Shelved games: Why I gave up on Ni No Kuni: Wrath of the White Witch

Today, I decided to cross Ni No Kuni: Wrath of the White Witch from my backlog list. I haven’t finished it and I don’t intend on ever doing so. Now, before the pitchforks and “try it again” comments come out, I should lay out my reasons as to why I’m permanently shelving the game. It’s not often that I drop an RPG, but this time I left it necessary.

What is Ni No Kuni: Wrath of the White Witch?

Wrath of the White Witch is an anime lover’s dream. It’s a PlayStation 3 Japanese Role Playing Game, or JRPG, (and a remake of a Nintendo DS title) that is developed by Level-5 with help from Studio Ghibli. Yes, one of the most famous animation production houses around lent its talents to a robust video game. On paper, it is a match made in heaven, but in reality, it’s not quite the game I was expecting.

You take on the role of Oliver, a young boy whose mother recently passed away after saving him from drowning. His tears bring to life a fairy named Drippy – yes, that’s his real name – who reveals that he is from a different world. This other place is being destroyed by an evil named Shadar.

The world mirrors Oliver’s own with its inhabitants and there’s a chance he can see his mother, or her mirror image, by visiting it. From there, it’s up to Oliver and Drippy to recruit new friends and save the world. Pretty whimsical, right?

A bit on the game itself

The story, music, and graphics all work perfectly in bringing this fairytale world to life. And while it’s running on hardware from 2006, the game gives you the feeling of playing through an anime movie. Locations are crisp and bright while all of the characters have a stunning cell-shaded look to them.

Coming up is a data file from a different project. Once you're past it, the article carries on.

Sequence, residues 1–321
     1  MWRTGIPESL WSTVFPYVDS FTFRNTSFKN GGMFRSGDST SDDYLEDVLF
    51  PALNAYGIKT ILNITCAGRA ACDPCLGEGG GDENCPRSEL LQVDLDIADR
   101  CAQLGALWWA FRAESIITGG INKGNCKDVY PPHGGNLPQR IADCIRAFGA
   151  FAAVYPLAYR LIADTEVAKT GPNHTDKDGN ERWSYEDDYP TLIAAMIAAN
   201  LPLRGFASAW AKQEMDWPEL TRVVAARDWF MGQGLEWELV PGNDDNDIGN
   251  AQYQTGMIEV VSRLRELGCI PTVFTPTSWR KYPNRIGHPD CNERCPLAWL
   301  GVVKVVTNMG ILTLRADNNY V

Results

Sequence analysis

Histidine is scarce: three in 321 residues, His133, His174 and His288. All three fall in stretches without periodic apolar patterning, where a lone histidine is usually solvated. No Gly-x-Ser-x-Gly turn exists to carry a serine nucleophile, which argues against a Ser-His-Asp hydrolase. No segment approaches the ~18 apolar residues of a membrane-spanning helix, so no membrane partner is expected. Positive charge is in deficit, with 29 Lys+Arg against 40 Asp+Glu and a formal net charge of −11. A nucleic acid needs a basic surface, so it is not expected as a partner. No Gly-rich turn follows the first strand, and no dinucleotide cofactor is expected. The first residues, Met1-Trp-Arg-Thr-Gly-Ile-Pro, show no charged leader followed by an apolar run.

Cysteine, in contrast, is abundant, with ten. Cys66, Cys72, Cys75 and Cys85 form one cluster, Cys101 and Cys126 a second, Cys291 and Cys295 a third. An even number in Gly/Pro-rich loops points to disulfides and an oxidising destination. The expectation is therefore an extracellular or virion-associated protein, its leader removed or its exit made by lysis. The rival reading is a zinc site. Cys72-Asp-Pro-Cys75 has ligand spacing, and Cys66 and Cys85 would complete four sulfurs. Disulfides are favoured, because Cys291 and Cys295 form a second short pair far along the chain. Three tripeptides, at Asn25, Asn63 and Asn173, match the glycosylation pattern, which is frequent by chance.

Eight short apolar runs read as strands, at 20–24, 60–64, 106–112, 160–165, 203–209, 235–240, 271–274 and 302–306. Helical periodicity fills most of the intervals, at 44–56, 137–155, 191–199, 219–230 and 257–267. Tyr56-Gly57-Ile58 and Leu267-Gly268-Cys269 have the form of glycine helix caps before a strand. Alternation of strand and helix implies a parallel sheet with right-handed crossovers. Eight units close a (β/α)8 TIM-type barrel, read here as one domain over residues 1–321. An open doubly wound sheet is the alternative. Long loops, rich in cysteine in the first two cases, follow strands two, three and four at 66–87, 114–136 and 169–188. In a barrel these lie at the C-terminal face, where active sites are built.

It has emotional ups and downs, covers some pretty dark subject matter, and made me laugh out loud on more than one occasion. It’s a near-perfect game in that regard, but it’s brought down by one key area.

So why did I shelve the game?

For one, the game isn’t all that fun. In fact, I found it boring. I don’t mean the story, but rather the mechanics. Wrath of the White Witch is similar to most other monster-taming RPGs. You’ll collect creatures the world over, level them up, and turn them into better and more powerful versions. It’s stock standard, really. And while the monster aspect is adorable and fits the theme of a Ghibli production, it also falls flat.

You’re not given direct control of your little creatures, but you can order them around. This can make for some frustrating battles, while others are mindless. Coupled with the need to grind out levels for hours on end, and I was left with a mixed bag of emotions about the game. On one hand, I loved the presentation, but on the other, I hated the combat.

Unfortunately, life is just too short to sit through hours upon hours of tedium in order to reach the next story point. For me, it’s easier to suffer through a game with a bad story and excellent gameplay. While I wish Oliver and Drippy the best of luck on their journey, I’ll never see them complete it.

But don’t let my thoughts discourage you. If you’re an anime or RPG fan, at least pick up the title so that it’s in your collection. You may just fall in love with Ni No Kuni: Wrath of the White Witch.

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